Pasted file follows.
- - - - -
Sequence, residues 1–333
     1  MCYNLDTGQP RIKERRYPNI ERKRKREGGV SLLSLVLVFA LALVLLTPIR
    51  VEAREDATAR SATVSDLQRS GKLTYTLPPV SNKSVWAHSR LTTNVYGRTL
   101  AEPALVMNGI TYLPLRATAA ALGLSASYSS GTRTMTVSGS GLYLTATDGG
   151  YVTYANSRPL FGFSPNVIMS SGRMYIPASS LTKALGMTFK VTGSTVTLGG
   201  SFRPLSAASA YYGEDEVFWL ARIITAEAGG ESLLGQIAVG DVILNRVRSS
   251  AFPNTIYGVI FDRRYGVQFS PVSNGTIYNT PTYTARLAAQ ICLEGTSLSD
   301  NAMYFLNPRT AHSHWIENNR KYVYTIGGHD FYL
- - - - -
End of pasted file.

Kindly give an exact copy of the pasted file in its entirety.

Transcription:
Sequence, residues 1–333
     1  MCYNLDTGQP RIKERRYPNI ERKRKREGGV SLLSLVLVFA LALVLLTPIR
    51  VEAREDATAR SATVSDLQRS GKLTYTLPPV SNKSVWAHSR LTTNVYGRTL
   101  AEPALVMNGI TYLPLRATAA ALGLSASYSS GTRTMTVSGS GLYLTATDGG
   151  YVTYANSRPL FGFSPNVIMS SGRMYIPASS LTKALGMTFK VTGSTVTLGG
   201  SFRPLSAASA YYGEDEVFWL ARIITAEAGG ESLLGQIAVG DVILNRVRSS
   251  AFPNTIYGVI FDRRYGVQFS PVSNGTIYNT PTYTARLAAQ ICLEGTSLSD
   301  NAMYFLNPRT AHSHWIENNR KYVYTIGGHD FYL